One day after gun ownership groups met with Vice President Joseph R. Biden as part of his ongoing talks on gun violence prevention, the president of the National Rifle Association predicted that Congress will not pass a ban on military-style, so-called “assault weapons” in the wake of the school shootings last month in Newtown, Conn.
The gun-lobbying group put out a sharp statement after Thursday’s meeting, arguing that there was too much focus on attacking the Second Amendment and not enough on how to safeguard the nation’s children.
Mr. Biden was tapped to head a task force on gun violence prevention by President Obama in the wake of the shootings last month in which 26 people, including 20 children, were killed at Sandy Hook Elementary School.
Mr. Biden said that he would be delivering recommendations to Mr. Obama by Tuesday, and that the suggested actions that have consistently come up in his meetings with “stakeholders” have been strengthening background checks on gun purchasers, placing restrictions on high-capacity magazines and allowing federal agencies to conduct research on gun violence.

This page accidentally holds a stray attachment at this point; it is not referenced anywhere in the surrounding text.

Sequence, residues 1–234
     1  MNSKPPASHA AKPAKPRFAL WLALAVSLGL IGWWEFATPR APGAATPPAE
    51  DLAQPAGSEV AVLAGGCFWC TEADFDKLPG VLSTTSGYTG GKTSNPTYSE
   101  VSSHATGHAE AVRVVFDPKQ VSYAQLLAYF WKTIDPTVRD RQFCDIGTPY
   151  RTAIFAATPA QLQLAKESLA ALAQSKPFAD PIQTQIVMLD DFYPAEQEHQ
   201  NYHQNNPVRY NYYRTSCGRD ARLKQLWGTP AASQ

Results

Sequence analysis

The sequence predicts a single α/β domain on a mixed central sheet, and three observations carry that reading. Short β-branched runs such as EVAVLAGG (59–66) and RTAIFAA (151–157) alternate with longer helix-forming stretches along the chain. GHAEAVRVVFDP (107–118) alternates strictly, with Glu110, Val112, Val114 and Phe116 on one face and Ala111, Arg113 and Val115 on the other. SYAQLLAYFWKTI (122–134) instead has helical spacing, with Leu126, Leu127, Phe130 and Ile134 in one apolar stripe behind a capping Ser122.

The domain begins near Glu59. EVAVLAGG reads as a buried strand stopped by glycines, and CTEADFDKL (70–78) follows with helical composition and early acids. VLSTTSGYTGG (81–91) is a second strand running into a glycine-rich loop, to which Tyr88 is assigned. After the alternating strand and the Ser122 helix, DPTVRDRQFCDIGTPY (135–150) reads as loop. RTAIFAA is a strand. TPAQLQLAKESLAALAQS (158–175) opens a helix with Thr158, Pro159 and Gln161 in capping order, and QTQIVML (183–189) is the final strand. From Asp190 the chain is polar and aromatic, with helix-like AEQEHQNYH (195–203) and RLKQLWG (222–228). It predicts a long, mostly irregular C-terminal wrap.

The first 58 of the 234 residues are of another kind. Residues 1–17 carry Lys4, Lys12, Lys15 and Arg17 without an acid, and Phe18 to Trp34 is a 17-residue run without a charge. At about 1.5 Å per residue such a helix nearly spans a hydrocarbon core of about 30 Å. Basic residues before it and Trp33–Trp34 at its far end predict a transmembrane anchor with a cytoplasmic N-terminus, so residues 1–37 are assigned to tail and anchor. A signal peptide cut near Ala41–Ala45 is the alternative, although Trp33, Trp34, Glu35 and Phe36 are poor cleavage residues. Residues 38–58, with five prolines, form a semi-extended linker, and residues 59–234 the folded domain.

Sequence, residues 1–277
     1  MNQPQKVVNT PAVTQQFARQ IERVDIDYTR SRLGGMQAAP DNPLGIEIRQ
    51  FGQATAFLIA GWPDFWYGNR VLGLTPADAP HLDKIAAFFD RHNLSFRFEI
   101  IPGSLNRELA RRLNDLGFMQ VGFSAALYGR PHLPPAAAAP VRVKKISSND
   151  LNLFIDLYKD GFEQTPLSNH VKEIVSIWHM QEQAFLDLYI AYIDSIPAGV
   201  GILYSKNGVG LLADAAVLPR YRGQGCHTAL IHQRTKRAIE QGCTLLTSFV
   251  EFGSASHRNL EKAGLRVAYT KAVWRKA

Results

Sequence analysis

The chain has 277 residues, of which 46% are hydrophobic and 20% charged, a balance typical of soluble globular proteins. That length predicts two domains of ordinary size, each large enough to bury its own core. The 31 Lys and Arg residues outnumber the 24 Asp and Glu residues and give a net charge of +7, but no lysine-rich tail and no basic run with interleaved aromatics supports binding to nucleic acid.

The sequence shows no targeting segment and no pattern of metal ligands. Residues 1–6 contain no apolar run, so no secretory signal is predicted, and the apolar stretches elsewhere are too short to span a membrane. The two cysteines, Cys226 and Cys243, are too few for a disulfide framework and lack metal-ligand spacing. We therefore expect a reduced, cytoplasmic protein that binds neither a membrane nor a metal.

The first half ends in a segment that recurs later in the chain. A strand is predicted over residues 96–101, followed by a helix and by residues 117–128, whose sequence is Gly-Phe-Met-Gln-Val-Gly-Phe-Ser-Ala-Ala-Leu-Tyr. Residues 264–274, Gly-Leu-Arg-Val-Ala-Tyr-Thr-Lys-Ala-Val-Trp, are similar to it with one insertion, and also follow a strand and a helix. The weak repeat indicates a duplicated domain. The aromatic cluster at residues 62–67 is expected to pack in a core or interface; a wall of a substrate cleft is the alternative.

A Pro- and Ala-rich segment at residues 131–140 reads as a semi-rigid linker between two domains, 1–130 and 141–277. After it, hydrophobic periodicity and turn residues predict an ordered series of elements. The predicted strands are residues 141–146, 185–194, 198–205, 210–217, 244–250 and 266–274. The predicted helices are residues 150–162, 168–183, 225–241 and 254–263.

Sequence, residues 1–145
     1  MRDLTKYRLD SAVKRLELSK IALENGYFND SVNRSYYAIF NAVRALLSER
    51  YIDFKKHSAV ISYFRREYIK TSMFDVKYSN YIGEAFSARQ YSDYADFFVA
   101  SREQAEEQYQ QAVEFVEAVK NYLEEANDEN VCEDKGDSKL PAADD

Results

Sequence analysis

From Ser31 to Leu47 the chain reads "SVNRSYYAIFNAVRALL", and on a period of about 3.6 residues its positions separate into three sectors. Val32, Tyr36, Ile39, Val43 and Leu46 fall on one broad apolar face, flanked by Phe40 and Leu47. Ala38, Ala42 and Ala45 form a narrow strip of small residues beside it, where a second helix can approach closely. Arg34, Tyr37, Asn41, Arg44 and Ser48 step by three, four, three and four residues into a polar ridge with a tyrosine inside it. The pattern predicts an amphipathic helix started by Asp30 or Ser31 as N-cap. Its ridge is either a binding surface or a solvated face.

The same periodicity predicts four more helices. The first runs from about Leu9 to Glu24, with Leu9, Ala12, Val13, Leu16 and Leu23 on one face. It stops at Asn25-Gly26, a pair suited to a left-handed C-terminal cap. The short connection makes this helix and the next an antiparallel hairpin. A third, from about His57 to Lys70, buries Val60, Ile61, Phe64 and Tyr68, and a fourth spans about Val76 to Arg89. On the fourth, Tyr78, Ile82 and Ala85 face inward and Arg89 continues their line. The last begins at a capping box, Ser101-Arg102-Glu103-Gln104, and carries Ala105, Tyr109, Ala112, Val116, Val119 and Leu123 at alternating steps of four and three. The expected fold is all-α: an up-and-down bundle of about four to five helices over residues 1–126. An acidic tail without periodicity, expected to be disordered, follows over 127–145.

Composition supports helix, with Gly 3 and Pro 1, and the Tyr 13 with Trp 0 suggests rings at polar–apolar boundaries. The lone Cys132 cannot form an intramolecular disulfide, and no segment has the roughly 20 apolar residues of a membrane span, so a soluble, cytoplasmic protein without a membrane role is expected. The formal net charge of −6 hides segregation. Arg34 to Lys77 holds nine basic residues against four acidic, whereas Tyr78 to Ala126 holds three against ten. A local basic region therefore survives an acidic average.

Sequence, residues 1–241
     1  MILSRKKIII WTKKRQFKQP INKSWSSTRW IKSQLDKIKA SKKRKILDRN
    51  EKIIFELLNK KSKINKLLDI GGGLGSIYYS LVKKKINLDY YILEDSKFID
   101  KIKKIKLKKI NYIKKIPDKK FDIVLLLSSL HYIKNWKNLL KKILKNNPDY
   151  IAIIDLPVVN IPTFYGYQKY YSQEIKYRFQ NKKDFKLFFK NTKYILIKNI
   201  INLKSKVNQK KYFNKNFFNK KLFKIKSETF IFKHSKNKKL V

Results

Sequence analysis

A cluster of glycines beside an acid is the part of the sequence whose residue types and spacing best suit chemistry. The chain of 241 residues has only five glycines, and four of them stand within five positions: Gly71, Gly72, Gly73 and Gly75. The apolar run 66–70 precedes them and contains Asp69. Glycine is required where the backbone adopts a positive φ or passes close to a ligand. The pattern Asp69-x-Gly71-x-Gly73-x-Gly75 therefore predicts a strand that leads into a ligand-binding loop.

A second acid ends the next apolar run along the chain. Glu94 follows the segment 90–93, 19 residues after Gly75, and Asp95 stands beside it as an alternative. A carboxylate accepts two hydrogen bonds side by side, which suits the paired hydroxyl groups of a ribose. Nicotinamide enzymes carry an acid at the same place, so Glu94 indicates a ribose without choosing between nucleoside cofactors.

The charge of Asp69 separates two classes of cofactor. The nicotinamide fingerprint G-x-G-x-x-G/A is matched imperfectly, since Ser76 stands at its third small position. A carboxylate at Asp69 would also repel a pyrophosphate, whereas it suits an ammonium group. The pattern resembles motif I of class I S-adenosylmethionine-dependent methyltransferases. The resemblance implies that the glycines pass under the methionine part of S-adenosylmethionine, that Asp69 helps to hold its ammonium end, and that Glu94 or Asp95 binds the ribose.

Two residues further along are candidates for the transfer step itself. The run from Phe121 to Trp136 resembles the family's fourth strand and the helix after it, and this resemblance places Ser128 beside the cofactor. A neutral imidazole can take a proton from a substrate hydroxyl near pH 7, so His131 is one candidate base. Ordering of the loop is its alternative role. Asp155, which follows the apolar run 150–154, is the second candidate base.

“Well, I don’t know that the NRA is that powerful,” he said. “I do think that those Americans who believe strongly in the Second Amendment and their right to own privately and use firearms for legitimate purposes — there’s a huge number of people who really care about these issues. We try to provide leadership to those folks. We try to represent them before the Congress and elsewhere, but it’s not the power of the NRA, Matt. What it is is the strength of belief of millions of Americans in their right under the Constitution to privately own firearms.”
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David Sherfinski covers politics for The Washington Times. He can be reached at email@example.com.
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